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Toronto is the most important data center location in Canada, and one of the top ten in North America. Its setting makes it particularly ripe for renewal and refit projects, according to a new study by DCD Intelligence.

The Greater Toronto Area (GTA), has a total population of more than six million, making it the fifth biggest metropolitan area in North America.

With the rise in “data sovereignty”, all of Canada’s 35 million population are likely customers for facilities in Toronto, and may prefer not to store data in the US where it is subject to Patriot Act/NSA oversight

Booming market
In 2012, Canadian public and private sector organizations spent $97 billion (Cdn) on IT products and services, with $40.7 billion (42 perdent) allocated to purchases of hardware and software. Large enterprises made up a third of this.

In data centers, you can think of Toronto as a hub roughly equivalent to those of Washington DC or Los Angeles - DatacenterDynamics estimates it currently uses 650MW, and has some 590,000 square meters of ‘white space’  (raised floor plus associated support space) - an increase of 25 percent since our 2011 census.

Recent new projects include CenturyLink’s $70 million data center (it’s 100,000 square feet, and uses 5MW).

Aging infrastructure
Despite this, the area has a lot of old infrastructure, with data centers housed in aging buildings, and often use older gear. The buildings average 13 years old, which is older than anywhere else except New York.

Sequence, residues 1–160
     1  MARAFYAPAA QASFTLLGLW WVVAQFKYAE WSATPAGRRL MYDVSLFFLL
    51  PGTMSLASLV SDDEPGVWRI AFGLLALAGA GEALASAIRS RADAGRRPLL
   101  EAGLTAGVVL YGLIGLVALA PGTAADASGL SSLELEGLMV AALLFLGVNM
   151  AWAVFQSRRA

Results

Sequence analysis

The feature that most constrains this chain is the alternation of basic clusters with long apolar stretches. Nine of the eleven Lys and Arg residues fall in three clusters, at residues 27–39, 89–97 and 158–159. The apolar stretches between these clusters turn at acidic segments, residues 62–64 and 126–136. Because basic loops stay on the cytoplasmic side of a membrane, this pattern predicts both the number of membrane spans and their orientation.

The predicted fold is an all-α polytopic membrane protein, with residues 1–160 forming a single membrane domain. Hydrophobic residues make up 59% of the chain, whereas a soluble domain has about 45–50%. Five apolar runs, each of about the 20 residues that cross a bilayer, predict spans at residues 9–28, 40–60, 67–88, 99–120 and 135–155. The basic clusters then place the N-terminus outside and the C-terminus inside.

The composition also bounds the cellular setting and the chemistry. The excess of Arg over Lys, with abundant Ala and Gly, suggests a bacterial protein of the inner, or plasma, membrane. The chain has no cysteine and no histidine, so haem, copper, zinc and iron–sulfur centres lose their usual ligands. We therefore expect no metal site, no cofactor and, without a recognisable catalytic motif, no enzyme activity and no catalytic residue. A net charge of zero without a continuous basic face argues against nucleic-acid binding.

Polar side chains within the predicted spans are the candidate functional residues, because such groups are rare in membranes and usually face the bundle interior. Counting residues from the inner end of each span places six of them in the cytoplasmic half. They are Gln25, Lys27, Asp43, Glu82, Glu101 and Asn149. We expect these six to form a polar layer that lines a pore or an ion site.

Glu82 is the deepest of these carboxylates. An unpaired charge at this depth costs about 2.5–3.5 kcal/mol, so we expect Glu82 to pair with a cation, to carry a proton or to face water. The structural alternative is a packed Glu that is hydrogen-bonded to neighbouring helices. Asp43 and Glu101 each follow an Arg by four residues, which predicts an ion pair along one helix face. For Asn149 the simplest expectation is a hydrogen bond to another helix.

Figures from DatacenterDynamics’ Annual Industry Census suggests that the vast majority of the equipment in these sites is more than seven years old, so we can assume a lot of power is going to waste, and the sector is ready for a refit.
Underlying this, the area has the usual concerns about skills, but is well supplied with reliable and “clean” energy from nuclear power and hydro.

The Toronto blessing
Toronto has a curious benefit: it is ‘like’ the US without actually being in the US. The data residing in its data centers – at least, in data centers that are not operated by US-based companies – has some degree of protection from the US Patriot Act, and may (depending on transmission routes) be outside the recognized boundaries of NSA traffic scrutiny.

With its infrastructure, Toronto could turn this to good account with Canadian businesses and those in other countries, but the area also warrants expansion on its own account.

The DCD Converged Toronto event takes place at the Eaton Chelsea, Toronto, on 6 November.